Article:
The positions in the Celtic Cross Tarot spread have assigned meanings as follows:
Self: How you perceive yourself right now
Situation: Social or circumstantial factors that could be affecting your life now
Challenges: How to turn your obstacles into opportunities
Recent past: Events that are just receding -- recently influential but now diminishing in power
Higher power: The broader perspective and influence of your conscience
Near future: The direction the wind is blowing in your situation
Blockers: Any self-undermining tendencies, areas where you could be in denial, or where you could get stuck
Allies: People who can be supportive or helpful to you now
Advice: A course of action which will harmonize what you want with what is currently possible
Long-term potential: Unknown circumstances that are still taking shape
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Clarifying Card (or Clarity Card)
A clarifying card is a Tarot card drawn after the reading is complete in order to get additional information. This card can be pulled from the deck as a way to clarify one particular part of a Tarot reading or to summarize the message of the reading as a whole.
A Tarot deck is a specific deck of Tarot cards, created according to the vision of a particular artist or group of artists.
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Tarot Birth Card
A Tarot birth card is a card from the Major Arcana that has special relevance to you based on your date of birth. It reflects a central piece of your path and identifies the life lessons you most need to learn.
Most people have two Tarot birth cards, but a select few actually have three! By doing some simple math with your birthday or using our calculator, you can figure out which ones have the most important messages for you.
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Reversals are Tarot cards that come out of the deck turned upside-down. Depending on the way you shuffle a Tarot deck, reversed cards may come up regularly or infrequently. Some Tarot readers simply turn a reversal around and interpret it as usual, but more commonly, a reversal is seen as a sign that the card’s default energy or meaning is somehow skewed.
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Divination is the practice of seeking knowledge about the future or the unknown through supernatural means. Tarot reading is generally considered a divinatory method, along with rune casting, I Ching reading, tea leaf reading, and other similar methods.
Contemporary approaches to Tarot also include processes that are not divinatory and focus instead on Tarot's usefulness as a therapeutic or self-care tool.
Rider-Waite Deck (also called the Rider, Waite-Rider, Rider-Waite-Smith, Smith-Rider-Waite)
The Rider-Waite Tarot deck is arguably the most widely-used and influential Tarot deck of all time. Published in 1909, the deck was named after A.E. Waite, the British poet and mystic who commissioned the deck, and William Rider & Son, the deck’s publisher.
The Rider-Waite was the first Tarot deck to feature unique illustrations for the Minor Arcana cards. Previous decks had unique illustrations for the Major Arcana, but when it came to the Minor Arcana, cards were illustrated very simply. The Three of Swords displayed three swords, for example. The Eight of Cups displayed eight cups. This innovation was the work of the deck’s illustrator, artist Pamela Colman Smith, whose involvement in the project was virtually unrecognized for decades. In recent years, it’s become more common to insert Smith’s name alongside the others when referencing the deck.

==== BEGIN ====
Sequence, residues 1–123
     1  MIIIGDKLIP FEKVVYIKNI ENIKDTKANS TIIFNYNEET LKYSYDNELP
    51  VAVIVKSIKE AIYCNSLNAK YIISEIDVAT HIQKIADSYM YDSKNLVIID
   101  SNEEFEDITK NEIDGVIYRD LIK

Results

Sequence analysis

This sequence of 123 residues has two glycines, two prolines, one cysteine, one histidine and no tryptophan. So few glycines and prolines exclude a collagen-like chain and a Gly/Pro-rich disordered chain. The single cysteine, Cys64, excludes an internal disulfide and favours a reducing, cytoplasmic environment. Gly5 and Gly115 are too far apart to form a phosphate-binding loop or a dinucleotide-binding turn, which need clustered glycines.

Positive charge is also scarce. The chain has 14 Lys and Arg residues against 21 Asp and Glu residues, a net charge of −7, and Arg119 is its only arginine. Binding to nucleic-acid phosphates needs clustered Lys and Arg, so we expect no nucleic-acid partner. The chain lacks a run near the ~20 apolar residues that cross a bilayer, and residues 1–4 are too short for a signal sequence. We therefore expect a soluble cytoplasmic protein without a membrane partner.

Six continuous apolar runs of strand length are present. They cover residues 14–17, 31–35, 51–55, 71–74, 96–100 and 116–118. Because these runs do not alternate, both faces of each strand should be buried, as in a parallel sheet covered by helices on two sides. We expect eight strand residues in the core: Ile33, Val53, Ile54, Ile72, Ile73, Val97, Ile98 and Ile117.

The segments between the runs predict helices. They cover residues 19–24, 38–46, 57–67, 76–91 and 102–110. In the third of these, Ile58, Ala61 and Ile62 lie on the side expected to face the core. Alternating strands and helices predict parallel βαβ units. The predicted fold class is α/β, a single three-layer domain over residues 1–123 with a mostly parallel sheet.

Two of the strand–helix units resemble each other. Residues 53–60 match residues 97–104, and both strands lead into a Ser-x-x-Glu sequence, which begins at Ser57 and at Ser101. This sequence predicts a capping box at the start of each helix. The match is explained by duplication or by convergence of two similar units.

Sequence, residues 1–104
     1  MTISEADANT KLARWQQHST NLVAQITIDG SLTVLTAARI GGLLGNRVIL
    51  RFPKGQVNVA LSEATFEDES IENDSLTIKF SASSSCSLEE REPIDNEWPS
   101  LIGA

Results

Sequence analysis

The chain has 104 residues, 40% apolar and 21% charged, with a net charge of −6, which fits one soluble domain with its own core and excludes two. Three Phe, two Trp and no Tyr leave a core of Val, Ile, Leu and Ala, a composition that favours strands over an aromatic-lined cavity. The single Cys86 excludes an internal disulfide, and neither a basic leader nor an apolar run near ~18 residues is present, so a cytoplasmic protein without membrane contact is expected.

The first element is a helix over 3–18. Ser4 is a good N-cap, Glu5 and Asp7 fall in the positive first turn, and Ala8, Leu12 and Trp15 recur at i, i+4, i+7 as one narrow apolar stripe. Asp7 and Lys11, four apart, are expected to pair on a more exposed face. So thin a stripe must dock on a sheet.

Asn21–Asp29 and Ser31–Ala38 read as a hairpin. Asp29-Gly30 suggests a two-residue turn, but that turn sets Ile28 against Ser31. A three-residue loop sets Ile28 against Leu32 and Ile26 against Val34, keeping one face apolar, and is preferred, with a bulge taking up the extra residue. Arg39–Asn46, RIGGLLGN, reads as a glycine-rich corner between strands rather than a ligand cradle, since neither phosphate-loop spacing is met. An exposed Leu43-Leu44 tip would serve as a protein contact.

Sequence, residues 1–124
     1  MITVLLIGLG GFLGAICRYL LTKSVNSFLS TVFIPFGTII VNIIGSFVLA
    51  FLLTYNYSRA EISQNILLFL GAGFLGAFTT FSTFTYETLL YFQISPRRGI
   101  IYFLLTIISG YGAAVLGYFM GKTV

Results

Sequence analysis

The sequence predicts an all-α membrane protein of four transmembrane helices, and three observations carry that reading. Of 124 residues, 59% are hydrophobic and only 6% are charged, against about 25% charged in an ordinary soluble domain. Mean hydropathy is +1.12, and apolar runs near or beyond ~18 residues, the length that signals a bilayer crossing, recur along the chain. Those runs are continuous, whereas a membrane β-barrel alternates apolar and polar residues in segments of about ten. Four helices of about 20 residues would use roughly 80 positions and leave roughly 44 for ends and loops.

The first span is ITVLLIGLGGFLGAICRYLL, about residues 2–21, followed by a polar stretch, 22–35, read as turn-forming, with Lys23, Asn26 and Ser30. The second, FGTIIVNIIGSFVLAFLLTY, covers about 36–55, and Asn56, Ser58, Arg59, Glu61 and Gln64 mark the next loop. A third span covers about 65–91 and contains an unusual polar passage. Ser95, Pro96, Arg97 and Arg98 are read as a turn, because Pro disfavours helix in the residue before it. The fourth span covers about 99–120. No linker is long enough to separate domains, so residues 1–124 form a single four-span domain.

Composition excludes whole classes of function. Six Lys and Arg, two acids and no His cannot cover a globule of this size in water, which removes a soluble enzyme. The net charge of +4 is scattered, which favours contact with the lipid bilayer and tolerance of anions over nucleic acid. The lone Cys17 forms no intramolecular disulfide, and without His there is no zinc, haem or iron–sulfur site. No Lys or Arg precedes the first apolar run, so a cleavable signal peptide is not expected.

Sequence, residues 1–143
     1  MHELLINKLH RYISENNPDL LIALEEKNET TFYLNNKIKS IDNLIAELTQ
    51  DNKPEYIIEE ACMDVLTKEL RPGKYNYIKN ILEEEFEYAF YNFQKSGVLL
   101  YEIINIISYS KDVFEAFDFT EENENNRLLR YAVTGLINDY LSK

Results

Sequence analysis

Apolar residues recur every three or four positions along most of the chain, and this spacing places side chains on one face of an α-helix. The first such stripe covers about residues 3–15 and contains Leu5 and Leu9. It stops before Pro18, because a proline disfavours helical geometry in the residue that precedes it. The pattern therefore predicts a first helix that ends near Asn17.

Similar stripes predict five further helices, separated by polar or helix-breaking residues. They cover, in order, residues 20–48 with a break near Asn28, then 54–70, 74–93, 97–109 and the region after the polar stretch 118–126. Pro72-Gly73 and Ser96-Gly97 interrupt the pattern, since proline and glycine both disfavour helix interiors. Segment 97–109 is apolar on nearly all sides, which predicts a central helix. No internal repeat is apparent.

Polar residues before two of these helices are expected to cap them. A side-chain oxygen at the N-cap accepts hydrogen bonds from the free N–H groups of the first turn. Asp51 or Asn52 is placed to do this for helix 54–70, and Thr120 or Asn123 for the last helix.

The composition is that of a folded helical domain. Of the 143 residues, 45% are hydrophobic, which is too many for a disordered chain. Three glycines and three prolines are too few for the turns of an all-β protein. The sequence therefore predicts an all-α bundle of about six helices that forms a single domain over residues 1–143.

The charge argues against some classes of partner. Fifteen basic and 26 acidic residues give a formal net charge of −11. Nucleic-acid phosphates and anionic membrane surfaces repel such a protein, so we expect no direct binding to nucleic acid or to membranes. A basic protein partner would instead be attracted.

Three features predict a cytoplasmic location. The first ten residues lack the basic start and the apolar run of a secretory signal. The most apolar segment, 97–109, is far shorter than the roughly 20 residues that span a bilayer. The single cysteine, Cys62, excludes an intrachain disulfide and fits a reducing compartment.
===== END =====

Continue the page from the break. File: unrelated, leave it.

Explore Decks Based on the Rider-Waite, including the Apprentice Tarot, Gummy Bear Tarot, Melanated Classic Tarot, Modern Witch Tarot, Smith-Waite Centennial, and Universal Waite
Thoth Deck (also called the Crowley)
The Thoth Tarot deck is an influential and experimental Tarot deck published in 1943. Conceptualized by English occultist and philosopher Aleister Crowley and painted by artist Lady Frieda Harris, the Thoth deck is known for its Art Deco style and its portrayal of esoteric symbols.
Oracle cards are decks loosely based on the idea of Tarot, but with more flexibility and variability. While a Tarot deck contains a specific set of 78 cards, oracle card decks can include any number of cards with all kinds of names or messages. Nevertheless, oracle cards can be used in a similar manner and provide valuable insight and guidance.
Angel cards are a specific kind of oracle cards that feature illustrations of angels or other otherworldly beings. Many people turn to angel cards for inspiration that aligns with their religious backgrounds or spiritual beliefs.
Lenormand cards are similar to Tarot cards -- they are also used for divination, and they follow a set structure. Each Lenormand deck contains 36 cards, each with its own name and associated meaning. Readings done with Lenormand cards are typically considered more literal than those done with Tarot cards.
Looking to try Tarot reading on your own? Check out “A Beginner’s Guide to Tarot.” This digital 18-page workbook allows you to explore the Major and Minor Arcana, learn how to offer basic Tarot readings, and embrace Tarot rituals in one approachable guide. Happy reading!